‘Great Aussie Bird Count’ swoops kids

The Free Press (Corowa) - - LOCALREALESTATE -

Chil­dren at­tend­ing a Corowa Dis­trict Ju­nior Land­care event at Red­lands Hill Re­serve on Thurs­day, Oc­to­ber 25 took part in the Aussie Back­yard Bird Count.

This event is one of Aus­tralia’s big­gest cit­i­zens’ sci­ence pro­jects. Stu­dents from Sav­er­nake, Oak­lands, St Fran­cis Xavier and Urana pri­mary schools iden­ti­fied 15 species of bird in 20 min­utes on the day and logged them into the na­tional sur­vey.

The over­all aim of this na­tional event is to count two mil­lion birds in the week of Oc­to­ber 22-28 and to get peo­ple in­ter­ested in our amaz­ing Aussie birdlife.

Corowa Dis­trict Land­care is proudly part­ner­ing with Fed­er­a­tion Coun­cil to sup­port the Aussie Back­yard Bird Count and they hope to en­gage peo­ple of all ages in this an­nual event.

Stu­dents also learned about the abo­rig­i­nal and white his­tory of the re­serve. Stu­dents were shown a num­ber of scar trees and learned how bark was cut off gum trees to make coola­m­ons, shields and ca­noes. The chil­dren were in­ter­ested to learn that the vanilla scented wild­flower called the choco­late lily (that grows lo­cally around the dis­trict) was an im­por­tant food source for abo­rig­i­nal peo­ple. They roasted and ate the tu­bers of the plant.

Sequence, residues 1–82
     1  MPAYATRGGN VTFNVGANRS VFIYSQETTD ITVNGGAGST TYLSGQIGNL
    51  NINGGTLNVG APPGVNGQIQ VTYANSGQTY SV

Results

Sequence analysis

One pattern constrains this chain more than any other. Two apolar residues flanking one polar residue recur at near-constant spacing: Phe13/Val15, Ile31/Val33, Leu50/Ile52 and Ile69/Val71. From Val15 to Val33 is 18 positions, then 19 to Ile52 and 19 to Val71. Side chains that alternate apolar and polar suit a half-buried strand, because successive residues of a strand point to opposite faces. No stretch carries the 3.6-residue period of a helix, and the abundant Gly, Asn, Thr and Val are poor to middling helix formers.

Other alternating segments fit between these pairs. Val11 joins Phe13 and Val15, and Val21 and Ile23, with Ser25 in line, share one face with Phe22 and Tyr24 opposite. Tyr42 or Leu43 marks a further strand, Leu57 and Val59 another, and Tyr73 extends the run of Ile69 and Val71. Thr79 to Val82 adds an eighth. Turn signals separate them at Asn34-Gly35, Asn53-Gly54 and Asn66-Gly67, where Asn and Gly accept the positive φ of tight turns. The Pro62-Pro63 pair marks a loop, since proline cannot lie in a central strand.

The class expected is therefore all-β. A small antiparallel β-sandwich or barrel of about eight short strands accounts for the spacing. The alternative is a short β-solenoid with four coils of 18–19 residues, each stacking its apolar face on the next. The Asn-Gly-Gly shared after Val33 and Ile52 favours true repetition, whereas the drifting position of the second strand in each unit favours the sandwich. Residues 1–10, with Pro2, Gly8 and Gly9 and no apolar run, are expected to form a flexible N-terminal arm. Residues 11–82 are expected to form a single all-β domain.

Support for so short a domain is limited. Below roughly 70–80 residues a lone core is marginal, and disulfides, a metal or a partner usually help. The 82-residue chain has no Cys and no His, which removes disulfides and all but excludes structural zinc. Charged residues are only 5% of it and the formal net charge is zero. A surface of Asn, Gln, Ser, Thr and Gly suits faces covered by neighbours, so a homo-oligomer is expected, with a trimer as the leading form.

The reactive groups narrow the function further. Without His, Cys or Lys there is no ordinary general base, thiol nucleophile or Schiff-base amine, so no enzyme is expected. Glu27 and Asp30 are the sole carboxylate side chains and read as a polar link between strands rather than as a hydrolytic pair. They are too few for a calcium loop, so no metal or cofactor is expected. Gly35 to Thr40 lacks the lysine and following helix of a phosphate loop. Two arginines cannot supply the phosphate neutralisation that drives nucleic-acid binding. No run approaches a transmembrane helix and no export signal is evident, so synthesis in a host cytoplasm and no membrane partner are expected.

To de­ter­mine which birds and an­i­mals in­habit the re­serve stu­dents looked for clues in­clud­ing scats, feathers and bones. They sighted two goan­nas, a few swamp wal­la­bies, ev­i­dence of hares and echid­nas. They even found a fox skele­ton.

The chil­dren were in­ter­ested to learn that min­ers lived at the re­serve in the 1860s. They saw ev­i­dence in the form of old iron rem­nants, wash tubs and glass.

Red­lands Hill Re­serve was vir­tu­ally cleared for gold min­ing but lit­tle gold was found.

For­tu­nately the plant life re­cov­ered and the 150-acre re­serve is now a flour­ish­ing Grey Box Grassy Wood­land which is an en­dan­gered eco­log­i­cal com­mu­nity.

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